Tommy Elliott (and Tim Longmeyer who is now serving a 5 year prison term for kickbacks from the related state health plan) were the fundraisers for the Gov. Beshear administration. So basically they were getting the Blackstones and KKR to give to superpacs, ie, dark money, to elect Gov Beshear’s son as Attorney General.

I believe that Gov. Bevins’ forced police removal was a loud and clear signal for Wall Street to write kickback checks to his people instead of Tommy Elliottt.

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  1. Democrita

    It would be something, for sure, to see these family-bloggers held to account. Pass the milk duds.

    Isn’t New York one of the better-funded pensions, not due to the genius of its overseers, but due to a law (state constitution, maybe?) that mandated decent funding levels?

    In a side note, the giving of awards for profit is a significant part of the business model in business journalism now, too. It’s a subspecies of (shudder) “native advertising”. Inherently corrupt, yes! Great post.

    1. rd

      Stanford’s is a good place to look to understand state pension obligations form a numbers standpoint. Many “low tax” states are likely to be facing a bloodpath in the next couple of decades with both taxpayers and pensioners taking a significant hit.

      NY does quite well from a financial stability compared to other states (in the land of the blind, the one-eyed man is king). NY is top in the 10 for funding ratios. The NYS comptrollers have done a pretty good job on keeping the focus on reasonable funding levels and not allowing too many games to be played without going public. NY has lots of government financial issues, but pension funding is among the better positions.

      The New York State Constitution does have language in it, especially for local communities, setting rules on funding, e.g. “Each such pension or retirement system or fund thereafter shall be maintained on an
      actuarial reserve basis with current payments to the reserve adequate to provide for all current accruing liabilities. ”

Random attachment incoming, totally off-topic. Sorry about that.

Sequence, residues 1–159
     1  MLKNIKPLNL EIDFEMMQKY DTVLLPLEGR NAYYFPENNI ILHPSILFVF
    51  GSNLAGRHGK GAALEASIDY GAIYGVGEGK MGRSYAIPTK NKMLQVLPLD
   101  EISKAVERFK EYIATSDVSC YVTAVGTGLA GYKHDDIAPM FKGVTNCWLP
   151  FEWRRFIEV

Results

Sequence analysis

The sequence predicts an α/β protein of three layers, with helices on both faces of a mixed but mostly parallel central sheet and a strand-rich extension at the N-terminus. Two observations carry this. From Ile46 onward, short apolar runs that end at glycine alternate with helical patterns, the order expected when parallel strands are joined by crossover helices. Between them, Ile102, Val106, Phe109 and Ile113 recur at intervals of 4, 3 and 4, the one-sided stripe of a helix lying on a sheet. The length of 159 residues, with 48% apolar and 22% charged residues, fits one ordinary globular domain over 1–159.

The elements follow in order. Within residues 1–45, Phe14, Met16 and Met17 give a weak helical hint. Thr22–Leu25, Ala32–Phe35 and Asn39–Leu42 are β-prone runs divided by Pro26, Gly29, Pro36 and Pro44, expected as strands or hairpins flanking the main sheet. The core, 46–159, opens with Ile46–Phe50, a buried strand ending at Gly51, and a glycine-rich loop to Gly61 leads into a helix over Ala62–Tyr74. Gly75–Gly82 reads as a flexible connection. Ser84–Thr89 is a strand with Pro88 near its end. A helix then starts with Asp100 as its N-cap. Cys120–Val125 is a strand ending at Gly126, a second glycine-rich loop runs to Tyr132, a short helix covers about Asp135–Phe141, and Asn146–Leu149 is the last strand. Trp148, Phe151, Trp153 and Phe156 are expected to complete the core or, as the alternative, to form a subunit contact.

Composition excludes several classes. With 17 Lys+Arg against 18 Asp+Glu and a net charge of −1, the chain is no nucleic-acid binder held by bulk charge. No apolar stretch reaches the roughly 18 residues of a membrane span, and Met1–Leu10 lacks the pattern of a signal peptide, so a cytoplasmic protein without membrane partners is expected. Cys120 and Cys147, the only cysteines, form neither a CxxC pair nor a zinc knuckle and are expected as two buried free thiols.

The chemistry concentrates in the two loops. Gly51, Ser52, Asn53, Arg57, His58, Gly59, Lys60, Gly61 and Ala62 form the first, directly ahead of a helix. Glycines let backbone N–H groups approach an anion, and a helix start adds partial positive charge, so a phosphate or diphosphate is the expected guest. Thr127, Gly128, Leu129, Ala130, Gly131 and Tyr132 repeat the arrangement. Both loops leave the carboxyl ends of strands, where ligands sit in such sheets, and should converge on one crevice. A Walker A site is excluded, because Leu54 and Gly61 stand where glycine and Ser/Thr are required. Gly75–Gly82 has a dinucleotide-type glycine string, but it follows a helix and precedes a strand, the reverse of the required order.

Statewide, there is this language: “After July first, nineteen hundred forty, membership in any pension or
      retirement system of the state or of a civil division thereof shall be a contractual relationship, the benefits of which shall not be diminished or impaired.” Article V.7

      I think these are some of the key reasons why the campaign to have a constitutional convention went down in flames in 2017. I think many people viewed these and other protections as something that would be on the auction block for the highest bidder, given the Citizens United ruling.

      1. rd

        BTW – according to, the “market funded ratio” assuming it would be funded with Treasury bonds has the best jurisdiction (D.C.) at 56%, NYS 7th at 42%, and Kentucky at 48th place at 21% funded. They use this tool to normalize states to take out the various return assumptions etc.

  2. rd

    “The plaintiffs have not yet obtained the return data from the three funds at issue. But the reported “absolute return” strategy over the period, which the plaintiffs believe consists primarily, and likely entirely, of their total results, was under 4% per annum for the five fiscal years ended June 2016 versus an average annual return of 11.9% for the S&P 500 over that time period. One might argue that an absolute return strategy, being somewhat contra-cyclical, could be expected to do less well than the S&P 500. But that does not appear to be what KRS was led to expect.”

    Aargh…I think this just about covers every problem with how pension funds are managed and perceived. I am constantly baffled about how something that has active payment streams coming from it are compared to the S&P 500 and why a pension fund manager would expect an absolute return fund to compare to the S&P 500 returns (hello Bernie Madoff).

    Why aren’t these pension fund managers not using something rational like the “Moderate Growth Composite Index” that Vanguard uses to benchmark its Vanguard Lifestrategy Fund that is approximately a 60/40 fund?

    That index and retail fund did 3-year returns (as of 12/21/17) of 7.2/7.0%, 5-year of 8.8/8.6%, and 10-yr of 6.1/5.4%. It appears their hedge funds are not even doing something as good as a simple index or similar retail fund that are structured with the type of risk/volatility/return structure that a pension fund needs.

    So, the big problem I see with the pension funds is not that they aren’t keeping up with the S&P 500, but that they are not even keeping up with a fairly simple four-component 60/40 retail mutual fund net of expenses that is available with a $3,000 minimum investment to any person on the street.

  3. Larry

    Forgive me my ignorance, but this looks like one of the first times the private equity black box might be cracked open for all to see. If that’s the case, it will indeed do major damage to the process of business as usual with regards to the operation of public pension funds and the products that behemoths like KKR and Black Rock can peddle to them. I agree that we need to follow this case with plenty of popcorn.

  4. Charlie Mas

    As I understand it, these absolute return fund of funds accounted for 10% of the KPS portfolio. That sounds pretty reasonable to me. Moreover, the 4% return they achieved is just about what you should expect from an absolute return fund.

    The Prudent Investor Rule, which sets the standard for fiduciaries, does not expect every single investment in a portfolio to be a winner and allows for a 10% allocation to pretty much anything.

    If the allocation to these investments was, as reported, only about 10% of the portfolio, then the plaintiffs have no case.